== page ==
The Mailman of the Future Is an Autonomous Robot with Six Wheels

Starship Technologies - a start-up launched by two Skype co-founders, Ahti Heinla, and Janus Friis will make the robot 1 photo
Photo: Starship Technologies
It has six wheels, it's the size of a cooler and is free from CO2 emissions. It works on a pre-schedule autonomously, and can complete local deliveries within 5 to 30 minutes from a local hub or retail outlet. The best part? It drops the package 10 to 15 times cheaper than the cost of current last-mile delivery alternatives.
European company Starship Technologies - a start-up launched by two Skype co-founders, Ahti Heinla, and Janus Friis - announced yesterday the launch of a new delivery concept. The new company aims to improve local delivery of goods and groceries, fundamentally making it almost free.

OK, hold that thought for a sec. It’s not entirely free, but the company’s founders did mention they are planning to “do to local deliveries what Skype did to telecommunications.” So these machines are not drones? No, they’re as earthbound as humans, only that they tend to be a lot more prompt with the goods they’re carrying.

Speaking of that, Starship says their robots are capable of carrying the equivalent of two grocery bags, and customers can choose from a selection of short, precise delivery slots - meaning that goods arrive at a time that suits them. Moreover, during distribution, shoppers can track the robot’s location in real time through a mobile app, and on arrival only the app holder can unlock the cargo. Well, that takes care of security features - more or less.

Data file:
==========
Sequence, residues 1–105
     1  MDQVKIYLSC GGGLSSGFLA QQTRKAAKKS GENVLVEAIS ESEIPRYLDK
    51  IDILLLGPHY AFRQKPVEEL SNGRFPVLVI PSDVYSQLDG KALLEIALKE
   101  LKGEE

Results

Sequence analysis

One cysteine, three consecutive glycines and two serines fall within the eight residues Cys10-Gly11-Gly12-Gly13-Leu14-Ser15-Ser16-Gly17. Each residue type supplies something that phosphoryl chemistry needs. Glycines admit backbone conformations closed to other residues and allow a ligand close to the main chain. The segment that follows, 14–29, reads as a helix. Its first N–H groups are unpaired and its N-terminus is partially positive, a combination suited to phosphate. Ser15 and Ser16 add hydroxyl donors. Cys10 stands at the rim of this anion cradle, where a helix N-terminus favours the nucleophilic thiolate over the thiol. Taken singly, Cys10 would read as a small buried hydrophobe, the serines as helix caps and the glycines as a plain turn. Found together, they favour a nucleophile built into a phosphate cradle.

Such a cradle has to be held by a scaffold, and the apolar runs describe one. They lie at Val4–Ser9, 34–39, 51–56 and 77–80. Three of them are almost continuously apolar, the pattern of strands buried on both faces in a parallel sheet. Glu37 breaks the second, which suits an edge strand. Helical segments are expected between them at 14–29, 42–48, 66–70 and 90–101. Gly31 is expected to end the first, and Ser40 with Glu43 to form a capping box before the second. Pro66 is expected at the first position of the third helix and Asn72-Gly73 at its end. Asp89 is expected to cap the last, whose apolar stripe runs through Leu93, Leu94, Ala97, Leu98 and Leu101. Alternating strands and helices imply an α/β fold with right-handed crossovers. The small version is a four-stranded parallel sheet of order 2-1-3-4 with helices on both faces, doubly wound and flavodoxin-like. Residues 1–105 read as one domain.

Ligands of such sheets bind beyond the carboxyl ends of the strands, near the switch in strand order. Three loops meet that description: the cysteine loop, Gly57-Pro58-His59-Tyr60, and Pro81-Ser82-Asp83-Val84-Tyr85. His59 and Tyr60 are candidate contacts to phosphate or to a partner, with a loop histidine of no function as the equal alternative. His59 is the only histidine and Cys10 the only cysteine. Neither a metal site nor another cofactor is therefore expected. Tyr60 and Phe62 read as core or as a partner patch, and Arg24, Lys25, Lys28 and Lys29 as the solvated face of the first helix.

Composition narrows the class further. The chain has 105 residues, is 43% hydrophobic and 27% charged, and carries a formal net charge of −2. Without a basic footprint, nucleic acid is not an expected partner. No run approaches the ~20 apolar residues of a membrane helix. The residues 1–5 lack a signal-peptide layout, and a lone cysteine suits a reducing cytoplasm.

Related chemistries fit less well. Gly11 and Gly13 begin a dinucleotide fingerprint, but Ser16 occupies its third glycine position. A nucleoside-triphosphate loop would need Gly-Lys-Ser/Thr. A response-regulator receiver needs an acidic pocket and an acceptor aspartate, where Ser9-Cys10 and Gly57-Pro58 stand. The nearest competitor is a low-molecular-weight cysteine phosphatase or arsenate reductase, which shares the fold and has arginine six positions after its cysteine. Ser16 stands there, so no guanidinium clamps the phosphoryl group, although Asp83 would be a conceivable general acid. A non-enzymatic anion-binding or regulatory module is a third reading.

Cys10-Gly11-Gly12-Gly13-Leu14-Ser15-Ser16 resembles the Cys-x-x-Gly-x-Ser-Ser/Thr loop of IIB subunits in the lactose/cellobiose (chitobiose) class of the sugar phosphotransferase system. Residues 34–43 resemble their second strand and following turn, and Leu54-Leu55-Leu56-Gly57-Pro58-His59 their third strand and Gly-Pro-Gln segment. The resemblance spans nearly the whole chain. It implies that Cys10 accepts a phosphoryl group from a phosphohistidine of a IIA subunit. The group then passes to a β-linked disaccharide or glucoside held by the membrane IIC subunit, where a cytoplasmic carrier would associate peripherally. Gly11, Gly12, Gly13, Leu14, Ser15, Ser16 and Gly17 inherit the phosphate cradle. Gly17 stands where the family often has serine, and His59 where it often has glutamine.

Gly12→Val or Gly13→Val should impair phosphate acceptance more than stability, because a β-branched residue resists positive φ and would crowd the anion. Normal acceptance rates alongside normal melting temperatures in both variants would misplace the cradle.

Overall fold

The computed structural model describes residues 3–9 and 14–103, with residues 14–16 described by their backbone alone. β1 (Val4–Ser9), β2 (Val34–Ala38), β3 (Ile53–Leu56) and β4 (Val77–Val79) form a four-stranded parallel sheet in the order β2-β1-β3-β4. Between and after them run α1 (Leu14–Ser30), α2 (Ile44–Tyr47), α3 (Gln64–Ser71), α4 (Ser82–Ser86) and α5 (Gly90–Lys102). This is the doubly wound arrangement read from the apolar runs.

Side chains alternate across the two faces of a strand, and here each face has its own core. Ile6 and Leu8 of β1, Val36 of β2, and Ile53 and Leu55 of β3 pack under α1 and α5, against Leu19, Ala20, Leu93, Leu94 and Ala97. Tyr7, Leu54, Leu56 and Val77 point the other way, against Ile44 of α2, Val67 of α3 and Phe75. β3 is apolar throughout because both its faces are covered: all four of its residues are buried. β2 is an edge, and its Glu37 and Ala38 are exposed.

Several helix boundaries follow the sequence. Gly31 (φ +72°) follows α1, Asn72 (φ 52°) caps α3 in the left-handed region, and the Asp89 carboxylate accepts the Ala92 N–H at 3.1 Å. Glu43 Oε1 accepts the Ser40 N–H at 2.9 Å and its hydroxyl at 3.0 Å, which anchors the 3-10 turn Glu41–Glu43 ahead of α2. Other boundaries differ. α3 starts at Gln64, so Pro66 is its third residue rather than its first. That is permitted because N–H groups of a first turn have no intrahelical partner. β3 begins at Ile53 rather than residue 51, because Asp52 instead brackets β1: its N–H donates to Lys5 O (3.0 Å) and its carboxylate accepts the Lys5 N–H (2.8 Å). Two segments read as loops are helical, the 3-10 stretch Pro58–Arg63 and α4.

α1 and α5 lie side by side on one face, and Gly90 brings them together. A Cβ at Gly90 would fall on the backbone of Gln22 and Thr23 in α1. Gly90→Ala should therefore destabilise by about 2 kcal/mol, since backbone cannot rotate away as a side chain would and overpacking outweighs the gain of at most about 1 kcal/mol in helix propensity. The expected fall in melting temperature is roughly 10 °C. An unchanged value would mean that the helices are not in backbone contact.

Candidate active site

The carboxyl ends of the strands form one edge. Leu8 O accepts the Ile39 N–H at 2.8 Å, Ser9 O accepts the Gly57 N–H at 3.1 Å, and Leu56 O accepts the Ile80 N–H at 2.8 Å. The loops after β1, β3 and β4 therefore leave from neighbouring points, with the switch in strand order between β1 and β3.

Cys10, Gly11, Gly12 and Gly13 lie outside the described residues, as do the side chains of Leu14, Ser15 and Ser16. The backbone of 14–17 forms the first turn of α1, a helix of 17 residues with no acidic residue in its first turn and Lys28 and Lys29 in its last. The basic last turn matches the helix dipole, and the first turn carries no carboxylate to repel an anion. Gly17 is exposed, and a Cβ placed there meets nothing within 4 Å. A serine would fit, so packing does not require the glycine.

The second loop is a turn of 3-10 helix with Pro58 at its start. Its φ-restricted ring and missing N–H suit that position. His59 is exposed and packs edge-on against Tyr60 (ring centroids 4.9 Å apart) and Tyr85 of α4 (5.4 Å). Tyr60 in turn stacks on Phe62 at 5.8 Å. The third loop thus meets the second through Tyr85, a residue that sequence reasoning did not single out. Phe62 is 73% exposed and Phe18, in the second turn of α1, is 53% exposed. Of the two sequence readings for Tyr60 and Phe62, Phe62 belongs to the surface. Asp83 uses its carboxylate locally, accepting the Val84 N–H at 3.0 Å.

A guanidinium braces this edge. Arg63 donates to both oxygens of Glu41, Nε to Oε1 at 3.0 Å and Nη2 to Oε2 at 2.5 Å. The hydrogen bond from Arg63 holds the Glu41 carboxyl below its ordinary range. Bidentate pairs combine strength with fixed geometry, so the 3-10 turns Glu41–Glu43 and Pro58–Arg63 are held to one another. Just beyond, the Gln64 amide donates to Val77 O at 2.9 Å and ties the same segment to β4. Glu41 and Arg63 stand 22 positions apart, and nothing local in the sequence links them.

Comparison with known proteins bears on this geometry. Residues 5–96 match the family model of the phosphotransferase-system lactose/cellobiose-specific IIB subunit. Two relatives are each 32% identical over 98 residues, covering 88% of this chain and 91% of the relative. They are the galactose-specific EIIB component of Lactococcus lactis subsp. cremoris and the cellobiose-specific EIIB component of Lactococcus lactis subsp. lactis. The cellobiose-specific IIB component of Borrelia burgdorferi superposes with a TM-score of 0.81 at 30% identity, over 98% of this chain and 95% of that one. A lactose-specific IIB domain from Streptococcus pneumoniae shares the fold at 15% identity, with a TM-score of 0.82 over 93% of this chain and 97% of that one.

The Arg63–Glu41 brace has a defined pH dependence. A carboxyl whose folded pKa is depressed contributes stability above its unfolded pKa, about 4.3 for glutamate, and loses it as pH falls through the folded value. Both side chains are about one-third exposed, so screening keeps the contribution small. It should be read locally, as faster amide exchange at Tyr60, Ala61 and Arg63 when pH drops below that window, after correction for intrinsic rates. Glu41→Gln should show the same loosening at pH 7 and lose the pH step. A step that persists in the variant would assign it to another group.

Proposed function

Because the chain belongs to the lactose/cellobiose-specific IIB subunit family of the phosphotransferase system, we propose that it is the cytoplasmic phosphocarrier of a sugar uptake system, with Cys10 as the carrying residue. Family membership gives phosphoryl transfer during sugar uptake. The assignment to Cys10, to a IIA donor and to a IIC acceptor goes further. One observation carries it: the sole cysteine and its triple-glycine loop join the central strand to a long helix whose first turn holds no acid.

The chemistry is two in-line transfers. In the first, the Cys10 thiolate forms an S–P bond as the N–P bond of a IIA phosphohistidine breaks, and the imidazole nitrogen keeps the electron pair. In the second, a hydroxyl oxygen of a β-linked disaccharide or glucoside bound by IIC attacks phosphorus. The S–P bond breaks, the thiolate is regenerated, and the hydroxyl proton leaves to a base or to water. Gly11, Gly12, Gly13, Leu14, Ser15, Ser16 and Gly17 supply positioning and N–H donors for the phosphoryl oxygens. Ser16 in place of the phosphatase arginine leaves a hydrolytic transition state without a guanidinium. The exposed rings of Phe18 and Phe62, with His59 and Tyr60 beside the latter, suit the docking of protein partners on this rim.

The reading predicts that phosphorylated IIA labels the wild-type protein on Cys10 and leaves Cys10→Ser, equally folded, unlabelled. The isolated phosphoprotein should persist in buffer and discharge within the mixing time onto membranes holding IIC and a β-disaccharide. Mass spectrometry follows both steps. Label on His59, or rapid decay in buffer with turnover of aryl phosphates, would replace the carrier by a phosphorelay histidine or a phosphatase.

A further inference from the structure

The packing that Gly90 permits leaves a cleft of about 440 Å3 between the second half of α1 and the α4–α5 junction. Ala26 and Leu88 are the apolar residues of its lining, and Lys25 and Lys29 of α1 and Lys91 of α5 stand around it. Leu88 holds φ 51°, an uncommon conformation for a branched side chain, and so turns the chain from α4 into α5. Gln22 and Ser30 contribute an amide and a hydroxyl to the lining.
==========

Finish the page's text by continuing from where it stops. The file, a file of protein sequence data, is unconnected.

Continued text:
As to finding their way around pedestrians - yes, they will be using sidewalks instead of roads - it’s the integrated navigation and obstacle avoidance software that enables the robots to drive autonomously. However, they are also overseen by human operators who can step in to ensure safety at all times.

Why do we need these self-conscious boxes on wheels?

“For businesses, Starship’s technology eliminates the largest inefficiency in the delivery chain, the last mile. Instead of expensive and time-consuming door-to-door delivery, retailers can ship the goods in bulk to a local hub, and then the robot fleet completes the delivery to the shopper’s door for a fraction of the cost.”

Naturally, the prototypes are currently in their testing phase, as Starship Technologies plans to launch the first pilot services in cooperation with its service partners in the US, UK and other countries in 2016.

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